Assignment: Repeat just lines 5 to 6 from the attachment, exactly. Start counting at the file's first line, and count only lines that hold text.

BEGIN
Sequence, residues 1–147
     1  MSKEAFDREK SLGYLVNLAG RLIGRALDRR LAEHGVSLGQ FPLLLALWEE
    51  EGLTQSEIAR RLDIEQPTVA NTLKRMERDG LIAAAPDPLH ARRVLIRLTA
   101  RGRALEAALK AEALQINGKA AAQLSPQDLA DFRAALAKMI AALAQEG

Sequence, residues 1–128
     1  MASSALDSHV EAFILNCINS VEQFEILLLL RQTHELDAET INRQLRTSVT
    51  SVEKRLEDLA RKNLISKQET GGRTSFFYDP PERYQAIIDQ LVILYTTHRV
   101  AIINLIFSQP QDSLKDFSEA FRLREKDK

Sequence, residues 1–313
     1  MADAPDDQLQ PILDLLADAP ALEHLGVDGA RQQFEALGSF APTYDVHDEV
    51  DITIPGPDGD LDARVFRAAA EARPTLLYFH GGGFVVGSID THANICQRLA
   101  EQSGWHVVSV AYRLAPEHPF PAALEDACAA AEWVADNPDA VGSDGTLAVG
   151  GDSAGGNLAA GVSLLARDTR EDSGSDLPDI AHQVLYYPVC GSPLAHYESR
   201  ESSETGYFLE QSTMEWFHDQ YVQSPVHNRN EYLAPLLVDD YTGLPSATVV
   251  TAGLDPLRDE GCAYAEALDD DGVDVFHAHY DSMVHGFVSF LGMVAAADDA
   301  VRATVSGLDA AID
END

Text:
Sequence, residues 1–128
     1  MASSALDSHV EAFILNCINS VEQFEILLLL RQTHELDAET INRQLRTSVT